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Showing posts from June, 2009

How to Outsmart a Teenage Boy

It's really rather simple.

The older boy I've been talking about, "Jorge," is currently in the habit of saying no to everything - things he has wanted to do, things I know he'd like, things he needs to do - everything that is suggested by someone else. So he is spending all his time sitting on his butt feeling sorry for himself. Which he has plenty of reason to do, but this is not very effective. Nothing has worked so today I decided to try a different approach. He has been wanting to earn money but now he says he doesn't want to do anything. Here's our text "conversation":

me: Hey, I have a dirty car and $10 for anyone who wants to wash it. Do you still want to earn money?

him: [no response. I am ignoring all adults. Whatever you have to say must be totally worthless and you know I am just going to say no.]

...two hours later...

me: It's OK if you don't want to. One of my neighbors has kids* who want to earn money. I'l just ask them.

...2…

Grieving

It's been interesting to see how everyone is grieving Joshua. Well, actually, it's been horribly heartbreaking, but also interesting, in a way.

In the family I've been helping out with, we have very mixed reactions:

"Rosa," the mother, is being extremely strong for her kids. She hasn't had an easy life and hasn't been around for a lot of the raising of the kids, so they are - understandably - rebelling against her. She's doing a pretty good job staying consistent and enforcing rules, which is hard to do when you have a son who's bigger than you screaming in your face. My friend and I have been trying to help however we can - encouraging her to keep her authority, mostly, because she is the adult in the house and the kids will eventually learn that. Rosa likes the new place a lot but is worried about money (there's probably funds through August 31, then she's back to trying to find a place on just a few hundred a month - not easy).

"…

Guns and Lockdowns

The kids I've been talking about in my last few posts are a little more stable, at least in terms of their living situation. Again, thanks to everyone who helped financially - you may very well have helped save these boys' lives - no exaggeration. Again, these are the kids who witnessed the murder and had to be relocated because the police (who I just love SO MUCH - is the sarcasm reaching you through the computer?) showed them off to the suspects so there are plenty of threats of retaliation to go around. Then they treated them like they were the criminals. But I digress.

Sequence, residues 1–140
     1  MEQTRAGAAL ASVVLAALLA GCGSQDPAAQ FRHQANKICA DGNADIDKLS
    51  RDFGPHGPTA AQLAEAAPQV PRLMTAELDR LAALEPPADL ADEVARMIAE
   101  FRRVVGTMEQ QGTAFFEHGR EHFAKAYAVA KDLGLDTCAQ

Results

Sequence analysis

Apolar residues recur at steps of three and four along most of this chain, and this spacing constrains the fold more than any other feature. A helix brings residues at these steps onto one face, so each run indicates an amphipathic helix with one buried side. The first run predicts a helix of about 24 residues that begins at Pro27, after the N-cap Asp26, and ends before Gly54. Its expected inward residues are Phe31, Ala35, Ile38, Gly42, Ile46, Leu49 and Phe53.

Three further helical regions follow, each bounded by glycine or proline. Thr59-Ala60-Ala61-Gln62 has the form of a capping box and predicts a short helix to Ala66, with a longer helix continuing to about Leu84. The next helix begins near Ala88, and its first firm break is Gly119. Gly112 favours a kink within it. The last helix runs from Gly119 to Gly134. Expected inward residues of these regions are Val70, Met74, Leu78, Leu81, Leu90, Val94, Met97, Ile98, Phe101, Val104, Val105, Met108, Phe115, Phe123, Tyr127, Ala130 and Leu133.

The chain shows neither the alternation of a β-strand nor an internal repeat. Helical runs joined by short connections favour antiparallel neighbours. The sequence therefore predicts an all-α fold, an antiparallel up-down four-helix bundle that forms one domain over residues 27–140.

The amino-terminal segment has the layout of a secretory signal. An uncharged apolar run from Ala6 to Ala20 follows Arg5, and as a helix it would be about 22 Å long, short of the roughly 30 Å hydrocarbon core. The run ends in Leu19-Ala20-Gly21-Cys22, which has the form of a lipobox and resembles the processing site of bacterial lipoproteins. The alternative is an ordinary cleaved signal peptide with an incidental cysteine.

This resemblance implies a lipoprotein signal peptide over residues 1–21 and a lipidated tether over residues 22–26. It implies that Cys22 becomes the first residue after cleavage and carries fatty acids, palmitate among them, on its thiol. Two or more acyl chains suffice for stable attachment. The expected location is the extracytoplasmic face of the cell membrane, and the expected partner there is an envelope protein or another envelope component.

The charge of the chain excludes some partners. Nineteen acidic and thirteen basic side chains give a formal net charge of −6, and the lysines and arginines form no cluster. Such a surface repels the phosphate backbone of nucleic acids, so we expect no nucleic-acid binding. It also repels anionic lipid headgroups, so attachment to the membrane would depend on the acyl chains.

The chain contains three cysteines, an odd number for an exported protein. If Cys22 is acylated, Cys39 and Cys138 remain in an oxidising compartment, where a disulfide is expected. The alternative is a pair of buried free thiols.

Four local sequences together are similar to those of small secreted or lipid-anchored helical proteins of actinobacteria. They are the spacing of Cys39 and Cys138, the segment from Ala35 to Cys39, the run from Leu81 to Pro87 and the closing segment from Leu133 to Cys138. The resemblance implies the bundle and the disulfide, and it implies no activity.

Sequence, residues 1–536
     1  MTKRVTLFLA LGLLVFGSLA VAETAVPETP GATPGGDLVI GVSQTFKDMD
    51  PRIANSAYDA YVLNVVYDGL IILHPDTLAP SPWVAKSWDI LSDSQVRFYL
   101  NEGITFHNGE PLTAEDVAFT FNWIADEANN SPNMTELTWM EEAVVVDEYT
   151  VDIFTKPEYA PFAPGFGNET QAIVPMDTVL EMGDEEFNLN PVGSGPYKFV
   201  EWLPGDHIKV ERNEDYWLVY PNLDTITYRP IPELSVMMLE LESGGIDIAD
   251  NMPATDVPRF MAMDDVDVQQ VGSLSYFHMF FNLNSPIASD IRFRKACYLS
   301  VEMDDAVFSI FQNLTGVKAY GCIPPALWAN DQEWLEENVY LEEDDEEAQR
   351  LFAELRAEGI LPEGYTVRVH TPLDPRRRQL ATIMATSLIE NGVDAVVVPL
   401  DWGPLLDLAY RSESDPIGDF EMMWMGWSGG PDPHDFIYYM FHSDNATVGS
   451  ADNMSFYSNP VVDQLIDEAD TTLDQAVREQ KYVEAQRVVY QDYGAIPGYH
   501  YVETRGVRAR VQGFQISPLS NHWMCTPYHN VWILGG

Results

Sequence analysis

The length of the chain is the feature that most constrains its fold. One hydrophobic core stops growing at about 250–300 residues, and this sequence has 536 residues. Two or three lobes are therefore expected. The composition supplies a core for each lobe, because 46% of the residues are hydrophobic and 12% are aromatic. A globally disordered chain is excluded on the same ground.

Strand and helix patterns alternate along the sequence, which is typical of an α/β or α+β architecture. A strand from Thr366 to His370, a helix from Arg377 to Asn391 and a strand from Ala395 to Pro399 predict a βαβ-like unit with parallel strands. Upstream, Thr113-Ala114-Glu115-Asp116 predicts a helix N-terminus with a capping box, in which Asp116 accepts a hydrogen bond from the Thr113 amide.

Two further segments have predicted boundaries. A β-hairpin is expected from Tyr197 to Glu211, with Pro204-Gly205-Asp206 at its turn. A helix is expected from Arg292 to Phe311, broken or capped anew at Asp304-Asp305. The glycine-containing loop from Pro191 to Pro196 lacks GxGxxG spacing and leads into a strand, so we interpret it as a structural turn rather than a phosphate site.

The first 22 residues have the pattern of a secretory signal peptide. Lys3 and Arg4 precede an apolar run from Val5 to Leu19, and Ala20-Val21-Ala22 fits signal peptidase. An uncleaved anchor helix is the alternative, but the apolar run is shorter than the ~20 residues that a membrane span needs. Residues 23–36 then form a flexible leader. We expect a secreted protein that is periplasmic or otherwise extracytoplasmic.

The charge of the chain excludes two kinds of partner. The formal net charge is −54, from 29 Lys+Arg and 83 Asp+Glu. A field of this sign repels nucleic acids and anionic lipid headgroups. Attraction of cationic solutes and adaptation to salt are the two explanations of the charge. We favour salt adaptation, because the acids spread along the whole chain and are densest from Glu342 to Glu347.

They are in an apartment now which is bigger than ones they've lived in before and - while not in an affluent area at all - are not in danger. I think they're talked into counseling - and thank goodness, their mom and grandmother are 100% in favor of it. I worry about them - the older one talks about getting an AK-47 and shooting anyone who bothers him. He tends to say things for dramatic eff…

An Apartment!

The family has found an apartment! This may be only for a couple of months - it's a little more than they can afford and the DA's office only pays for the first month and the deposit. But they really like it, so I'm hoping they can work out how to pay for it. It's a two bedroom, and before this, they were in a studio, so that is awesome. The landlord is being very helpful and it seems to be a great situation. Thank you all for your prayers, financial help, good wishes... everything.

Soon the family will have to move on to the grieving process. Right now we're just seeing it in crazy emotional outbursts over seemingly little things. The little one is prone to temper tantrums anyway, but he's way worse, and I don't blame him. At the same time, he can't do things like hang up on his teacher and yell at his mom. Both boys say they're dead set against counseling but I'm hoping they get used to the idea.

Progress

I'm very tired so this won't be too detailed but a lot of people are helping and I want to keep them updated.

The apartment in Alameda fell through. They need (as most landlords do) a credit check and "Rosa" is not in the country legally (although all of her children are citizens). We're having trouble finding a landlord who will rent to someone without a credit score, even if she has the money.

However, Catholic Charities is totally stepping up. They sent a social worker to get Rosa through the Welfare office crazy red tape in record time, and she should start receiving food stamps and other aid for the kids (not for her, because she's not legal) on Thursday. Once she has this help, the social worker thinks it will be easier to find a landlord, because she'll have some sort of documented income.

In addition, people from all over - from my church, my family, my friends, old co-workers, friends of friends, friends' parents, Warren (the kids "Big …